Why cities often cope better than nations with today’s lightning-fast changes
The British Empire declined decades ago, but London remains one of the world’s preeminent centers of finance, commerce, and political discourse. London is just one of the global cities assuming greater importance in the post-cold war world—even as many national governments struggle to meet the needs of their citizens. Global Political Cities shows how and why cities are re-asserting their historic role at the forefront of international economic and political life.
The book focuses on fifteen major cities across Europe, Asia, and the United States, including New York, London, Tokyo, Brussels, Seoul, Geneva, and Hong Kong, not to mention Beijing and Washington, D.C. In addition to highlighting the achievements of high-profile mayors, the book chronicles the growing influence of think tanks, mass media, and other global agenda setters, in their local urban political settings. It also shows how these cities serve in the Internet age as the global stage for grassroots appeals and protests of international significance.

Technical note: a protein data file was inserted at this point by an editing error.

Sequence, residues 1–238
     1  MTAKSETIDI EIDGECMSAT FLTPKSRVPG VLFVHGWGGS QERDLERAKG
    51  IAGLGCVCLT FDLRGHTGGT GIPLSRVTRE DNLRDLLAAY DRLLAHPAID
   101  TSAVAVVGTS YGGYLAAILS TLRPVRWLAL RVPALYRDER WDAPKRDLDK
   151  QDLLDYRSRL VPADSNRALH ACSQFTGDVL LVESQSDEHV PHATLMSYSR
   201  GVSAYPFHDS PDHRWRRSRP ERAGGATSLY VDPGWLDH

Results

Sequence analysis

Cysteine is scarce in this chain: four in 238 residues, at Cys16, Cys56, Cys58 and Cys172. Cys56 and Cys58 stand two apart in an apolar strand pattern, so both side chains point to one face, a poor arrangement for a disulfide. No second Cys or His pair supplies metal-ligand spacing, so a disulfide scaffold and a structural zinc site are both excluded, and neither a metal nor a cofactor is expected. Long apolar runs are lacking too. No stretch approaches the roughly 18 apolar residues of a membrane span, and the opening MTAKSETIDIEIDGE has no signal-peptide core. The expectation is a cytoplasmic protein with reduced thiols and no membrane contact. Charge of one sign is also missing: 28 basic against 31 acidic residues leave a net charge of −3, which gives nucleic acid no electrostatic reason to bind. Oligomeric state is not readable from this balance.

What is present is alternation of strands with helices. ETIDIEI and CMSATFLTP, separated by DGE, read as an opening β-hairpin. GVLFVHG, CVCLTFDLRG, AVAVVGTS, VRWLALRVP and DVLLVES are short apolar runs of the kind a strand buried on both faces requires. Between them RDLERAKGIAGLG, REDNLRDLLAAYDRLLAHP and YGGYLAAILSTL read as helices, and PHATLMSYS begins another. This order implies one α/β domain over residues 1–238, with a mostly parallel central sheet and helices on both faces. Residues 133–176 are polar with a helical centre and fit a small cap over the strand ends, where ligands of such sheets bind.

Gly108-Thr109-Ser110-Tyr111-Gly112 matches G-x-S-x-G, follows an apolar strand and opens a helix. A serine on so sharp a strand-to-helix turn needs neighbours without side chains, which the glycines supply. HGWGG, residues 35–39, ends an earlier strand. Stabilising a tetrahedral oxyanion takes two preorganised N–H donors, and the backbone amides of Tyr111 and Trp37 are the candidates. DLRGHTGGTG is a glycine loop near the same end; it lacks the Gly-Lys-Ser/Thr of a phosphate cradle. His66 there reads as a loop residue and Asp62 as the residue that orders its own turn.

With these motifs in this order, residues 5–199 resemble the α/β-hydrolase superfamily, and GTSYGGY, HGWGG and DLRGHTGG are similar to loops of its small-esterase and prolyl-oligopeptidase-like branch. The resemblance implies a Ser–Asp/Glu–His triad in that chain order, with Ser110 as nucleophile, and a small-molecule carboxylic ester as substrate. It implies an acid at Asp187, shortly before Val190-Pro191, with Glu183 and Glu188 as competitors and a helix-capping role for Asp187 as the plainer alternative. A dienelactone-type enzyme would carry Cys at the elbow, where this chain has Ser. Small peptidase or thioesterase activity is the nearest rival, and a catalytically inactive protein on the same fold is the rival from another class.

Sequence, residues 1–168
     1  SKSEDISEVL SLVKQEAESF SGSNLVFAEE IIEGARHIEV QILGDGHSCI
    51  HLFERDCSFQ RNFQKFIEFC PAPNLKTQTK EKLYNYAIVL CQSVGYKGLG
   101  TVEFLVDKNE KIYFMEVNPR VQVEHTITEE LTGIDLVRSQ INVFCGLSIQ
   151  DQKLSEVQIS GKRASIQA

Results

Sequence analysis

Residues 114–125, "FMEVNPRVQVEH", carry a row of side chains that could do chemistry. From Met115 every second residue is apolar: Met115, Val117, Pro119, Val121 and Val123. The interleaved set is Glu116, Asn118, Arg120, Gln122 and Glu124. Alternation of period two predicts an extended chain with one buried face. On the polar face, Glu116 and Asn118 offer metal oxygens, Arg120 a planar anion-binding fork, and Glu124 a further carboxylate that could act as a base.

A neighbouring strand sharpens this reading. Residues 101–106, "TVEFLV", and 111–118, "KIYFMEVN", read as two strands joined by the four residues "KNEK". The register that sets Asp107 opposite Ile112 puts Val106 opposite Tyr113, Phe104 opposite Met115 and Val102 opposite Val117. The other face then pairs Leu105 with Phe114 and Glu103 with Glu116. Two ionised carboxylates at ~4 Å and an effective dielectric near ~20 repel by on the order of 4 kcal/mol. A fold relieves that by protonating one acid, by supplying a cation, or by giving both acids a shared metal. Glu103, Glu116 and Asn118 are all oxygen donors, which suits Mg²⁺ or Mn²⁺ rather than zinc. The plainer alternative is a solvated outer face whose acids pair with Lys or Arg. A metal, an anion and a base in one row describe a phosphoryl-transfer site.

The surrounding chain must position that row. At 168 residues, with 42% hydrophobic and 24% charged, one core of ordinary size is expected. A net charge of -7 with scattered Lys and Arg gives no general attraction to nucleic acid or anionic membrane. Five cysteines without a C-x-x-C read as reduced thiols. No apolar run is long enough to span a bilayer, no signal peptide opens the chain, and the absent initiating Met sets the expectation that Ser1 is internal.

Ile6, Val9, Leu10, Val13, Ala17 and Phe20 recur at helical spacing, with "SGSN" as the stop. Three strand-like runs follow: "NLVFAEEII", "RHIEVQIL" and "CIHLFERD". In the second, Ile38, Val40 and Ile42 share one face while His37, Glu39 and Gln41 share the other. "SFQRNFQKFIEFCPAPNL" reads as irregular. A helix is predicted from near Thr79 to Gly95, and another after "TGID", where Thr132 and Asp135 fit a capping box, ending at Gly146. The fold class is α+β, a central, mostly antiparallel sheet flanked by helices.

Global Political Cities shows why cities cope much better than nations with many global problems—and how their strengths can help transform both nations and the broader world in future. The book offers important insights for students of both international and comparative political economy; diplomats and other government officials; executives of businesses with global reach; and general readers interested in how the world is changing around them.
Praise for Global Political Cities
“Throughout history, business, ideas, and influence have flowed from cities that became great as a result of their proximity to major waterways, centers of commerce, and great universities. Kent Calder’s latest book explores how these factors, combined with twenty-first-century innovations in the knowledge industry, social media, and finance, are helping key cities around the world to reshape national and international politics.”
—James McGann, Founder and Director of the Think Tanks and Civil Societies Program, Lauder Institute, University of Pennsylvania